Nursing Leadership

Nursing Leadership 16(2) May 2003 : 44-45.doi:10.12927/cjnl.2003.16280
Leadership Perspectives

Special Report: Nursing Education Think Tank 2002


Over the past decade, a growing body of evidence has highlighted the pivotal role of nursing education in meeting the future challenges in healthcare globally, particularly in addressing the solutions and challenges related to healthcare reform. In view of the importance of this issue, nursing leaders from government, education, research and healthcare and professional organizations gathered at the Nursing Education Think Tank 2002 to continue dialogue and determine approaches that will effectively shape the future of nursing education. The Nursing Education Think Tank 2002 was hosted by the Registered Nurses Association of Ontario (RNAO) in partnership with the Office of Nursing Policy, Health Canada (ONP-HC) and the Nursing Secretariat-Ontario Ministry of Health and Long-Term Care (MOHLTC). The Think Tank reflects the shared commitment to support coordinated planning and development of initiatives that will enable nurse educators and other nurse leaders to address the challenges of creating a dynamic system of nursing education as we move into the future.

In a review of six national and provincial nursing reports, the Think Tank Planning Committee identified key recommendations relevant to nursing education. Themes emerging from this review were identified as priority issues in nursing entry to practice and graduate education and provided a framework to guide the Think Tank discussions. These priority themes were broadly categorized as: curriculum, supply of nurses, clinical education and faculty supply.

On October 23, 2002, over 30 national and provincial nursing leaders participated in the Think Tank held at RNAO. At the outset, a brief update regarding the status of the recommendations to be considered was presented, following which the group collectively undertook a gap analysis of the recommendations, and the themes identified. Participants grouped according to theme, were given the following guiding question: "What can the nursing profession/nursing education do to mobilize action for this priority in the next 18 to 24 months?" For each theme, participants prioritized activities related to the recommendations, developed action plans, and identified key responsibilities to be carried out over the next 6 to 24 months.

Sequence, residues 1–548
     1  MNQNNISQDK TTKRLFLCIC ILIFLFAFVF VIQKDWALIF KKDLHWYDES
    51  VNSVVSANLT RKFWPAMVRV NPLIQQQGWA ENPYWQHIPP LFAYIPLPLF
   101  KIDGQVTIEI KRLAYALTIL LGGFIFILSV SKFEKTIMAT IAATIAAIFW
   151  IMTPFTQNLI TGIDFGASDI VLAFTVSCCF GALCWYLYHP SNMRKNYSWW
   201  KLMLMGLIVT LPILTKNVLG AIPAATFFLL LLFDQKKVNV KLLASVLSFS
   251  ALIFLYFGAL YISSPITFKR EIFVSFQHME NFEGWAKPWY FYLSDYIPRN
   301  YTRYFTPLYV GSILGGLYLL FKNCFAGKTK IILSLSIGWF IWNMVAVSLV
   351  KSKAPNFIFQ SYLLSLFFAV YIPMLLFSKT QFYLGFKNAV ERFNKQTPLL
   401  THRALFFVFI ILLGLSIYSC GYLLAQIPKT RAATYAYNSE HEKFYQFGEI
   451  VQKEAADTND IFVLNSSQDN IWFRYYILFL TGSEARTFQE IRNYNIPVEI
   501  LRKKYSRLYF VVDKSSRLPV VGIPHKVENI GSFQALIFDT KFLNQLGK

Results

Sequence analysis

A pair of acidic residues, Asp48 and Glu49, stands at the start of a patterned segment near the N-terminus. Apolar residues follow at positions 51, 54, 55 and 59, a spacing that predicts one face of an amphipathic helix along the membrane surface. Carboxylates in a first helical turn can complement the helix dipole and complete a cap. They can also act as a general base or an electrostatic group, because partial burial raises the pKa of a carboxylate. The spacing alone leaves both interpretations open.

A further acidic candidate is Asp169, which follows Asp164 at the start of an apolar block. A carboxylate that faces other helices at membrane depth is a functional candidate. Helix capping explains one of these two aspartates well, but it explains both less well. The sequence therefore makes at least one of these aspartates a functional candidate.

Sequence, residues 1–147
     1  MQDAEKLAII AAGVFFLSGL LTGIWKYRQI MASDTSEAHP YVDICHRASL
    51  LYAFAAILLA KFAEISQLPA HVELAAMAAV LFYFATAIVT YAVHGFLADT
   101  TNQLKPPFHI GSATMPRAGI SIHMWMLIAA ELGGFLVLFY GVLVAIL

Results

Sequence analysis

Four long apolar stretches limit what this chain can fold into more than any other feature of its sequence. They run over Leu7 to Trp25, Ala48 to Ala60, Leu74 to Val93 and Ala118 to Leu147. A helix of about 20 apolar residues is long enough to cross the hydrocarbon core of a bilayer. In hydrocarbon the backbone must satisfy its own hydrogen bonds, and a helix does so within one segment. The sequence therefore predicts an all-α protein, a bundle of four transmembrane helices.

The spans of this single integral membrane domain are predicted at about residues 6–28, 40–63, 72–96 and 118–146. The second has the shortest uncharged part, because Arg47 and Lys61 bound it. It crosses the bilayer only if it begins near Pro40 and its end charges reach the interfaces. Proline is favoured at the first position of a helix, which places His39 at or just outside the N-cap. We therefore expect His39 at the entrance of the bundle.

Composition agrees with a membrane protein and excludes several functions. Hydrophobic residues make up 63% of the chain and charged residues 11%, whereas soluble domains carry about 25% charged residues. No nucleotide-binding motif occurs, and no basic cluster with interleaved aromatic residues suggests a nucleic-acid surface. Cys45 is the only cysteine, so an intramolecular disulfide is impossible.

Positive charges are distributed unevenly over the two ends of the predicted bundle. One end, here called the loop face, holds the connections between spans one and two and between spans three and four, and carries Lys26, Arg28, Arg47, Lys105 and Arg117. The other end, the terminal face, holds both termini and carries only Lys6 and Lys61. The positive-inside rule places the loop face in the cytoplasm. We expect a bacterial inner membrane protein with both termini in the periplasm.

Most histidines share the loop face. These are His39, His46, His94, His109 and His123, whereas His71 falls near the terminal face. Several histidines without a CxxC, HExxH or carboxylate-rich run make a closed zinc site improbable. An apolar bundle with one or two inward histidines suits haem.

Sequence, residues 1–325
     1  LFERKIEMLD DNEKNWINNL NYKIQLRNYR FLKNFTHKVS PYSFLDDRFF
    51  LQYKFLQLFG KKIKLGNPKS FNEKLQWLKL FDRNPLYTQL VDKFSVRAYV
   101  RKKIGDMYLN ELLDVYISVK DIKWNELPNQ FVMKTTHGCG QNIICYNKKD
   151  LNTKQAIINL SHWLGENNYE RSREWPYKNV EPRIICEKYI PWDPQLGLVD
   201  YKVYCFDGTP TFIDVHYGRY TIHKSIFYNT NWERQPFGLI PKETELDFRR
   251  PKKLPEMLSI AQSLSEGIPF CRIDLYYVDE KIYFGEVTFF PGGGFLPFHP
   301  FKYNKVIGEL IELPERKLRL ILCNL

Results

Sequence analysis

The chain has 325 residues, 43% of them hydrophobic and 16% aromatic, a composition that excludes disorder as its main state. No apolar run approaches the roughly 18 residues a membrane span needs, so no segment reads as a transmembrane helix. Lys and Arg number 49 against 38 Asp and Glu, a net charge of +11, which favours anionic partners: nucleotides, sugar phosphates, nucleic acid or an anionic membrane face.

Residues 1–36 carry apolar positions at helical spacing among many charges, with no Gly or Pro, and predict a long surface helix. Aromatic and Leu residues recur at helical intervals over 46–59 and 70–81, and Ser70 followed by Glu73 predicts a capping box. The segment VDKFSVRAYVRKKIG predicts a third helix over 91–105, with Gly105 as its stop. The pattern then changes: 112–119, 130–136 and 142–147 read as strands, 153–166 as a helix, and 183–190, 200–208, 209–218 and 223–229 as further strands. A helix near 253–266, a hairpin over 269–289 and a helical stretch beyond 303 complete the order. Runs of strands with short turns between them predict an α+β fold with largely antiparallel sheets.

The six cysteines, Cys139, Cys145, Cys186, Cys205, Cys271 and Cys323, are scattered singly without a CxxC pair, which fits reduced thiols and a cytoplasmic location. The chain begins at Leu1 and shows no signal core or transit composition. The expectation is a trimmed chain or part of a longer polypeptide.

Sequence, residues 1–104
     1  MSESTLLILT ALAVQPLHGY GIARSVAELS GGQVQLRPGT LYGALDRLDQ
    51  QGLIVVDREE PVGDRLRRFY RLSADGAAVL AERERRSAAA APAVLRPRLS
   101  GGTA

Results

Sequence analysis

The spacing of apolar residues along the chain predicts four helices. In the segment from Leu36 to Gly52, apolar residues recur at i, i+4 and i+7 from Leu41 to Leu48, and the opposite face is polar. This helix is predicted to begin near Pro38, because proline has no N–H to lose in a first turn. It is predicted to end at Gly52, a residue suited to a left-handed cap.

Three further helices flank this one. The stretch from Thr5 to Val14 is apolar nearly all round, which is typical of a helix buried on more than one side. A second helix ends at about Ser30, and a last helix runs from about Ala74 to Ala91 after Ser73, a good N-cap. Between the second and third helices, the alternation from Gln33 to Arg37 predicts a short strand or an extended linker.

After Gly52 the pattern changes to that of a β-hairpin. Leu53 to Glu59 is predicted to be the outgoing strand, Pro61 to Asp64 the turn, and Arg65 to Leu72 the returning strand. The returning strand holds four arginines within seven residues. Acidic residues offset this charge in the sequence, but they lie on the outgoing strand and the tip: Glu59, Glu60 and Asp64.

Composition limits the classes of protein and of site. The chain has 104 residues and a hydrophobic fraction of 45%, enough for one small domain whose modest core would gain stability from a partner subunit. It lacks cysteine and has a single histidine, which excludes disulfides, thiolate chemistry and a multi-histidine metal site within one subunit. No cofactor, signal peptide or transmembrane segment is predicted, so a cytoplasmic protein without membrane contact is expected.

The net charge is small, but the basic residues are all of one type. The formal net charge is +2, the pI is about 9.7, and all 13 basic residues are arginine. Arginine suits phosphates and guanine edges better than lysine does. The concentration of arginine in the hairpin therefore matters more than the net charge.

The following priority activities related to each theme were identified:


  • Revise the CASN National Position Statement on Nursing Education Curriculum to promote innovation and diversity, and to respond to issues such as regional access, technology, healthcare reform, changes in the body of nursing knowledge, scope of practice, health and education policy, advances in health sciences, population health needs and international dynamics.
  • Recommend that the CASN accreditation standards related to curriculum be altered to reflect the revised CASN National Position Statement on Nursing Education Curriculum.
  • Obtain funding for a national nursing education research chair to focus on investigation of teaching-learning modalities for enhancing nursing education as a practice discipline, and on further development of the knowledge base related to learning to nurse.

Supply of Nurses

  • Standardize tracking and trending methods and approaches of student and early career attrition at the local, provincial and national levels.
  • Raise awareness of and utilize data on local, provincial and national population health needs in planning nursing human resources.
  • Design nursing programs to meet local needs.

Practice Education

  • Establish a nursing practice and learning consortium as a model to coordinate comprehensive practice placements for students and practising nurses.
  • Recommend that CASN Accreditation Board redefine clinical education to include a broader definition of practice while maintaining realistic employer expectations regarding novice nursing practice.

Faculty Supply

  • Determine and plan for more effective utilization of existing, interim and ideal faculty supply, given the realities of both academia and the healthcare system.
  • Enhance development opportunities for current faculty related to teaching and scholarship.
  • Increase faculty supply.

These activities will require the concerted and collaborative efforts of key stakeholders including professional and educational nursing associations, government representatives, nurse researchers and clinicians across health care sectors.


Full report at


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